Twitch streamer has nail-biting run-in with cyclist while driving - Dexerto

Twitch streamer has nail-biting run-in with cyclist while driving

Published: 29/Nov/2019 20:25

by Bill Cooney


Twitch streamer “daniellippens” had a scary run-in with a cyclist while driving down a crowded street in Amsterdam.

Daniellippens is a Dutch “Just Chatting” streamer who was putting on an IRL broadcast from his car with help from a friend.

The streamer had been driving for some time before he turned down a narrow street crowded with bicyclists on the shoulder.

Even though he was moving quickly, the first two riders managed to get to the side, and the third seemed safe, as well – until a crash happened off-screen and the streamer stopped after being flagged down by a pedestrian.

According to Reddit user “ignPIXEAL,” who posted the clip, the biker emerged from the scuffle unscathed, and the streamer ended up paying them €150 (roughly $165) for damages to their bicycle.

It wasn’t the first time during the stream that Daniel had a run-in with a pedestrian either – but in this earlier encounter, he at least barely managed to stop.

During this previous clip, the streamer was turning and seemed to be distracted, missing a man crossing the street in front of him until the very last moment.

The Twitch community guidelines actually address the act of streaming while driving. Live streams from within vehicles are indeed allowed – but interacting with Twitch chat while doing so is labeled as ‘self-destructive behavior.’

“Any activity that may endanger your life or lead to your physical harm is prohibited,” the guidelines read. “This includes dangerous or distracted driving,” among a wide array of various activities that could be deemed harmful.

Twitch has been cracking down on streamers who broadcast dangerous distracted driving to the internet in 2019, but it remains to be seen if daniellippens will face any consequences for his stream, since it’s hard to tell exactly who’s at fault for the crash.


PewDiePie hits out at company over KSI Meme Review copyright claim

Published: 25/Nov/2020 21:25

by Brent Koepp


Popular YouTuber Felix ‘PewDiePie’ Kjellberg was stunned after a company copyright claimed his Meme Review with JJ ‘KSI’ Olatunji. The Swede lost all the revenue for the upload due to their awful performance of “My Heart Will Go On” from Titanic.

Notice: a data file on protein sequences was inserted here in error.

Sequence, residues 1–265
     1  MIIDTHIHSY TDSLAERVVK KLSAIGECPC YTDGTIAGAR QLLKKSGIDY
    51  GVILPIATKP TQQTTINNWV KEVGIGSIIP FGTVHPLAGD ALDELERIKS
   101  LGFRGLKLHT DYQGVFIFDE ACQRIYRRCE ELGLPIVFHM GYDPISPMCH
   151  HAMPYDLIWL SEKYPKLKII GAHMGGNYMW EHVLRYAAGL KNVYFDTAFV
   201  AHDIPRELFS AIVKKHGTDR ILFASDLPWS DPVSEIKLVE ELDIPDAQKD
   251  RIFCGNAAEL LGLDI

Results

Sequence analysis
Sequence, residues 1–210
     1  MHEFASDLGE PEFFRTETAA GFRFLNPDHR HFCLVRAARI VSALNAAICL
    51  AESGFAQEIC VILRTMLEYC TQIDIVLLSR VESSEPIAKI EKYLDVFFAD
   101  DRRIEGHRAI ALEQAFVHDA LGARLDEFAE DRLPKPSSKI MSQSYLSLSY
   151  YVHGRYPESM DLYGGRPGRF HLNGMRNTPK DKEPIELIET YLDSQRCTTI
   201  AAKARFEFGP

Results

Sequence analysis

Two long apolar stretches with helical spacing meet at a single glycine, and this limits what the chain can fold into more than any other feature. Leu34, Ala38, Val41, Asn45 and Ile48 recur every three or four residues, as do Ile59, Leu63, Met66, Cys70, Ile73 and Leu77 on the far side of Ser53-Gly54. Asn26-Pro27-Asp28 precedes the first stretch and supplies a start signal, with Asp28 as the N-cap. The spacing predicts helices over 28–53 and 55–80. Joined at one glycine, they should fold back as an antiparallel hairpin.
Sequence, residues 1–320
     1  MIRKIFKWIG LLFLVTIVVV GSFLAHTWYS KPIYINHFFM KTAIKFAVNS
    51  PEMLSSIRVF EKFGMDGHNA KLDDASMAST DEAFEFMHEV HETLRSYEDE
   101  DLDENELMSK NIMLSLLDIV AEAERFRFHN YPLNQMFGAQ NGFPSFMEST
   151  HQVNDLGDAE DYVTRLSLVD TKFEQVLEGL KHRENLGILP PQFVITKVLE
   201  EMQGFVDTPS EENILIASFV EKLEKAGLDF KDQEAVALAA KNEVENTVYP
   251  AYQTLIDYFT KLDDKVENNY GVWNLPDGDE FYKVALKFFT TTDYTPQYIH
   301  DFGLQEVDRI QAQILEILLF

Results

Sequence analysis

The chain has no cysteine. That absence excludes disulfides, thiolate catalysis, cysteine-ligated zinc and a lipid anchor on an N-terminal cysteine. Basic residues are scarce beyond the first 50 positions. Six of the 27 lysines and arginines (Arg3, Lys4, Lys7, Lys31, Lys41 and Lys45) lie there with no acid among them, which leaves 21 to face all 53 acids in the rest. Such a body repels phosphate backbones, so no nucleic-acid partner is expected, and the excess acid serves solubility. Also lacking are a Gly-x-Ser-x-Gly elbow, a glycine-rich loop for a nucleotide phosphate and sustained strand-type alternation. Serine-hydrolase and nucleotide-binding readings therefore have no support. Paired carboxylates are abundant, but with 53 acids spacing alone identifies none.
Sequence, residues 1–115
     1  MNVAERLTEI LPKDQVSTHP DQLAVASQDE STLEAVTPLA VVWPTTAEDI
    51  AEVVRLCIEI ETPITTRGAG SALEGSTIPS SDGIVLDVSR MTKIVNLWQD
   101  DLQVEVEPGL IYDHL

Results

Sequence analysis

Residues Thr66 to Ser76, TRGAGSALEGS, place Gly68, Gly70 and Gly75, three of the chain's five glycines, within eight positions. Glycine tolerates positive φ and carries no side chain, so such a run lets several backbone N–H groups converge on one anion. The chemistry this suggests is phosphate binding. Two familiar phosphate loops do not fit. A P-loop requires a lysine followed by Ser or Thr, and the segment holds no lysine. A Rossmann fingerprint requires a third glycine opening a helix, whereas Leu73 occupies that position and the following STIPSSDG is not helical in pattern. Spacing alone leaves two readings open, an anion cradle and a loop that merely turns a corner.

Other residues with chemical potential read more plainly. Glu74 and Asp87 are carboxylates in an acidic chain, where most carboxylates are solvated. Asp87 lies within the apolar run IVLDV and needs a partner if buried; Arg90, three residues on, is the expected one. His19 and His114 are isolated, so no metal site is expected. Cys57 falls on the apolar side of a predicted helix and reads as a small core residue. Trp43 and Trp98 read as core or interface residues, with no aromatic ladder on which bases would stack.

On November 22, PewDiePie teamed up with fellow YouTube star KSI for an epic Meme Review. The duo tackled everything from British culture to Olatunji’s boxing match with Logan Paul.

Kjellberg later revealed on Instagram that the popular video had been copyright claimed by a company. The personality called the move “bulls**t” after the corporation took all the revenue over their Titanic joke.

Screenshot of YouTubers PewDiePie and KSI playing instruments.
YouTube: PewDiePie
The YouTubers’ awful performance of My Heart Will Go On got the video claimed for copyright.

PewDiePie & KSI’s Meme Review copyright claimed

PewDiePie’s Meme Review with KSI was a major hit on the platform, pulling in over 7.3 million views in just a few days. Fans of both YouTube creators were treated to a hilarious collaboration. However, the duo’s “attempt” to perform My Heart Will Go On on a flute and alpine horn caused the video to get claimed.

Kjellberg revealed the issue on his Instagram story on November 25. “So I got a claim on my KSI video. At the end, we played My Heart Will Go On,” he said, before playing a clip of their awful performance to demonstrate how absurd the claim was. “It’s too similar!” he joked.

It turns out the YouTuber had appealed the claim, but was denied. “So I appealed it, because its bulls**t why, and they rejected it! This is actually infringing on copyright according to this company!” he exclaimed, before breaking into laughter.

The 31-year-old explained that the company was now going to get 100% of the money made off the popular upload. “So all the revenue now goes to this company for the entire video. Like, what? Yeah, I just thought it was bulls**t, I don’t even know.”

The whole scenario is made all the more ridiculous when you consider that the Titanic joke was only a few seconds in a 26 minute upload. The fact that the company now gets to own the entire video is a good example how YouTube’s content ID system can sometimes be flawed.